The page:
Our advice is to give The Bug Man a call to answer all of your snake questions or schedule an appointment. We’ll take care of them, so you don’t have to.

What’s that rancid smell?

What’s that rancid smell?

You smell something. Something just awful. And once you find out that it’s the result of rodents or another animal, your first thought is to mask it with something else. We’re here to tell you that masking odors don’t work. The key to getting rid of the smell is to go straight to the source and eliminate it. Moreover, you need a non-toxic product that is safe for use in environments like restaurants, office complexes, homes, medical facilities, etc., where interrupting operations is not an option.

Chances are, if you notice a pungent smell but can’t track down its source, that a pest may have passed away in a place you can’t see, such as in a crawl space or wall. Another key indicator that something has died is by a large fly infestation. Flesh flies seemingly appear out of nowhere when something has died. Mice, rats, squirrels, opossums and raccoons are common culprits of the stench. But, whatever the pest, the fact remains that if an animal dies in the walls of your home or business, it can produce a near intolerable stench that’s impossible to ignore. It can begin to affect your family’s well-being or negatively impact your ability to serve customers within a short time.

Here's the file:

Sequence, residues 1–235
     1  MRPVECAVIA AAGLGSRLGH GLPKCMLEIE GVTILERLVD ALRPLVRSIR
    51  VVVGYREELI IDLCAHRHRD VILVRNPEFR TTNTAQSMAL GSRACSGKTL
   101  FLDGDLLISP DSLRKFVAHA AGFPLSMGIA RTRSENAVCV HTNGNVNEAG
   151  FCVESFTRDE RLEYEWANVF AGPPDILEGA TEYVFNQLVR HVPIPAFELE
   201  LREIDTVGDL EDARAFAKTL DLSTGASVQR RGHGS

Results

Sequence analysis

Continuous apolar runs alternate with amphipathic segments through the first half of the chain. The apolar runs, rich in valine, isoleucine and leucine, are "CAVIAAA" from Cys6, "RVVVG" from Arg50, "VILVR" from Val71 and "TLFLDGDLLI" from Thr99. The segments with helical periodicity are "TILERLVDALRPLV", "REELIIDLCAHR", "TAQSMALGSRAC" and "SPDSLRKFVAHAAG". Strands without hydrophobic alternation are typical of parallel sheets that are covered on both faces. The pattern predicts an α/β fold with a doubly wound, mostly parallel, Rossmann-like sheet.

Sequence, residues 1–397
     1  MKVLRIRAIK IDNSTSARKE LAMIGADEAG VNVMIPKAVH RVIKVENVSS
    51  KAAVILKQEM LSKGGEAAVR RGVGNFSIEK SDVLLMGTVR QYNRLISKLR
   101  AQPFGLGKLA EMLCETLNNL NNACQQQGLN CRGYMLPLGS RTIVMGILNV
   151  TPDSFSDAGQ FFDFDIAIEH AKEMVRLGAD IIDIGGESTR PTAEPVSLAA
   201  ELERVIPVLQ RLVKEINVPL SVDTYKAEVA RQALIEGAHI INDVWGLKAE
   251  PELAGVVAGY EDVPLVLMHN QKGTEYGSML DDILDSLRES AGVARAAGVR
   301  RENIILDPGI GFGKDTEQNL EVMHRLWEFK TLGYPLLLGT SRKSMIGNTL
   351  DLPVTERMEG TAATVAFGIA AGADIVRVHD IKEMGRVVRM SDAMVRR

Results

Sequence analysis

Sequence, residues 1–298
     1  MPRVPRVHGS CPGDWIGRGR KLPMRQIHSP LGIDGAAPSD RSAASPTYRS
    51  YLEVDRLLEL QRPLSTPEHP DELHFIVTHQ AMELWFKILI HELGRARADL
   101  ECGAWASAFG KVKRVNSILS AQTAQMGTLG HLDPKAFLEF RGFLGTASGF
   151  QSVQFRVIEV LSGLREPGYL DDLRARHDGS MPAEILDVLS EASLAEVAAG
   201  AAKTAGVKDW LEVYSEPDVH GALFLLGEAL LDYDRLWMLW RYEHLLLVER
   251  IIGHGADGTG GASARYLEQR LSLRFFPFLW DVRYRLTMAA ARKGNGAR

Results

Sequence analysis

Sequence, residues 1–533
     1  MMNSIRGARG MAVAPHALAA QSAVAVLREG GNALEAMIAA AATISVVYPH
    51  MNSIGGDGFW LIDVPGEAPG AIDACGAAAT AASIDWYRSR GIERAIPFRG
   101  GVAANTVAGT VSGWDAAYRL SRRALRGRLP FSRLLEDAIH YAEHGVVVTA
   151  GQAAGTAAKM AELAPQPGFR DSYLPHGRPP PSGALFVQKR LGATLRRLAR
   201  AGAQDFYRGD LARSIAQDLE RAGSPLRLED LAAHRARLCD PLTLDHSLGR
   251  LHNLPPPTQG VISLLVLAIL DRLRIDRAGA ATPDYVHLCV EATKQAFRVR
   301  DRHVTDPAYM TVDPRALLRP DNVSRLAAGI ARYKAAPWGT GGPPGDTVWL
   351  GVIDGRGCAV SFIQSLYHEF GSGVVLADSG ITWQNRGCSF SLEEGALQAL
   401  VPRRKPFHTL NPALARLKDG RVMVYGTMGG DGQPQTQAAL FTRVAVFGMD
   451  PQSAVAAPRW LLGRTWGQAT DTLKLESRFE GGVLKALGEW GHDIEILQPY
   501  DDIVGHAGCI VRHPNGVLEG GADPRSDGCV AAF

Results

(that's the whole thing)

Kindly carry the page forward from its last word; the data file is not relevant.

The scent may last anywhere from a day or two up to a month or more. Nobody wants to live or work with this. At The Bug Man, we have the equipment to eliminate odors in a facility due to a dead animal, smoke or fire. Our Odor Neutralizer solution is safe, effective and can be administered without having to evacuate the affected structure. So, no matter where that smell is coming from, we have you covered.

If you are now experiencing or in the future experience a scent in your home or business that is unbearable, give The Bug Man a call at 225-923-2847. We’ll take care of the mess, so you don’t have to.

Do I Need to Worry About Rodents Around My Home or Business?

Do you really need to worry about rodents around your home or business?

Now that the weather is beginning to get cooler, rodents will be out in force looking for a place to stay warm. These pests are nothing to scoff at – in fact, rodents can carry diseases and their fur, saliva and waste can taint your food. That’s not all; rodents are also hosts for fleas, spreading diseases like the lymphocytic choriomeningitis virus. And if you or someone you know has a weakened immune system, chances are they or you may begin to experience headaches, fever and meningitis.

How long do rodents live?

If they are in welcoming conditions, such as your home, garage or attic, mice and rats can live up to one year. If they’re in their natural habitat, they usually live up to around 4-6 months. While a couple of unwelcome guests may not seem so bad for a short amount of time, consider this – A house mouse can have an average of 8 litters per year with an average of 6 babies per litter. That’s 48 mice per year per rodent! Think if you had multiple in your home!